Hepatocellular carcinoma (HCC) is the second leading cause of death from cancer globally and increasing in prevalence. HCC usually occurs in the context of chronic liver damage. The specific genetic alterations promoting HCC have been difficult to identify due to the genetic heterogeneity of HCC and the prevalence of large chromosome aberrations. To study the pathogenesis of HCC, we used Sleeping Beauty (SB) transposons for both a forward genetic screen and reverse genetic studies of genes identified in HCC mouse models, altered in human HCC, or components of the Hepatitis B virus, a major HCC risk factor. Hepatic steatosis is a common chronic liver disease linked to HCC development. We used conditional SB transposon insertional mutagenesis in mice with diet and ethanol induced hepatic steatosis to model steatosis-associated HCC and perform a forward genetic screen for molecular drivers. We compared the results from this screen to human HCC data from multiple sources. We found an increase in HCC in females in both mice and humans with hepatic steatosis, reducing the typical male sex bias of HCC. We identified over 200 genes candidate steatosis-associated HCC genes in mice, many of which are altered in human steatosis and alcohol associated HCC. We identified an association between protein kinase A/cyclic AMP signaling pathway alterations and steatosis-associated HCC, and NAT10 overexpression and HCC, both of which could potentially be targeted therapeutically. We used SB transposon-based gene delivery for reverse genetic studies testing candidate oncogenes identified in human HCC, complementary mouse models including the steatosis-associated HCC screen, and Hepatitis B viral genes for their roles in promoting liver tumorigenesis. These studies revealed new oncogenic roles for genes tested in normal livers, in mice of both sexes, in steatotic livers, and in fibrotic livers. We generated several new mouse models of HCC that could be used for mechanistic studies or therapeutic testing.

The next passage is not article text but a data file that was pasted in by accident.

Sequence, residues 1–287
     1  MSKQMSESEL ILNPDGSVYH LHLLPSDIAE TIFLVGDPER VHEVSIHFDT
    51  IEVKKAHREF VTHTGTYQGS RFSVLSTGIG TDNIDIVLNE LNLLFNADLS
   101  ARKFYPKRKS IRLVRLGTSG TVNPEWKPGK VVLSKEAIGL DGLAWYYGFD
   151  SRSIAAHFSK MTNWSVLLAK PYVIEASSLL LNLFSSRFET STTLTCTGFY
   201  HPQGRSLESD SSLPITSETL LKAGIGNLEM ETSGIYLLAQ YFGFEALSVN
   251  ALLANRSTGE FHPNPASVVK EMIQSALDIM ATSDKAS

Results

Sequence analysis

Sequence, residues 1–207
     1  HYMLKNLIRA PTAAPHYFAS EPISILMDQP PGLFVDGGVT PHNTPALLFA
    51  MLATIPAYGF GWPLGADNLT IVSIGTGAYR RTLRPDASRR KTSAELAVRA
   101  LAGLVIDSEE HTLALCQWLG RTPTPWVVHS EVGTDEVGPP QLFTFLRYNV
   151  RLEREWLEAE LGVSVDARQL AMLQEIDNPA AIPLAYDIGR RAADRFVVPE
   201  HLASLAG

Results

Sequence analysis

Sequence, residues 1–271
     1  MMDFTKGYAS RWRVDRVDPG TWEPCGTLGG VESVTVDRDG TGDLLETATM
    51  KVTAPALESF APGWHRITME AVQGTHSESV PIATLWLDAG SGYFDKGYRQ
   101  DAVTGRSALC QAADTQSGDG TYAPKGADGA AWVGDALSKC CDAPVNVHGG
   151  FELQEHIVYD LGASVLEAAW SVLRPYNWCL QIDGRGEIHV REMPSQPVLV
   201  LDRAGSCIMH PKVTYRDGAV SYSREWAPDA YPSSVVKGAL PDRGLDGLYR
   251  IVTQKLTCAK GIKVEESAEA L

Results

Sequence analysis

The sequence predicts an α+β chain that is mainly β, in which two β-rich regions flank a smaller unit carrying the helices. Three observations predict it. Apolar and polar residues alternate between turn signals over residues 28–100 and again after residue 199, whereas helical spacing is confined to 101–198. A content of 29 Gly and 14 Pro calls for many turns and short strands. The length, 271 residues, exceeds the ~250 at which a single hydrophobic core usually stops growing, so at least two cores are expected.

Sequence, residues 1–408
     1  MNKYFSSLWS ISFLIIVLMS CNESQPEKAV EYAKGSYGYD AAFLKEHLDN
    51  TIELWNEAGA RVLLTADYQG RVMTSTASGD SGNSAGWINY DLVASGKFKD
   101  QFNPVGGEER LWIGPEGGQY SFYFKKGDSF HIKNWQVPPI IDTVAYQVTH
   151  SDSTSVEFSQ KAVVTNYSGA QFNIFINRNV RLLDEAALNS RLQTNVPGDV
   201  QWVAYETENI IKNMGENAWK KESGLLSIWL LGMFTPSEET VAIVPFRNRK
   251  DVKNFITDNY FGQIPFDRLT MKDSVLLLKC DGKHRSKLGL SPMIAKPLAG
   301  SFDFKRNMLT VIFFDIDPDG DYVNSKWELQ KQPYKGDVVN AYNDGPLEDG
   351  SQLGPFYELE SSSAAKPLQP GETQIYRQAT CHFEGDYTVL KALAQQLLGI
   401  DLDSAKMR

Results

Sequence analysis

University of Minnesota Ph.D. dissertation. April 2017. Major: Molecular, Cellular, Developmental Biology and Genetics. Advisor: David Largaespada. 1 computer file (PDF); viii, 167 pages.
The Sleeping Beauty Transposon System For Forward And Reverse Genetic Studies Of Liver Cancer.
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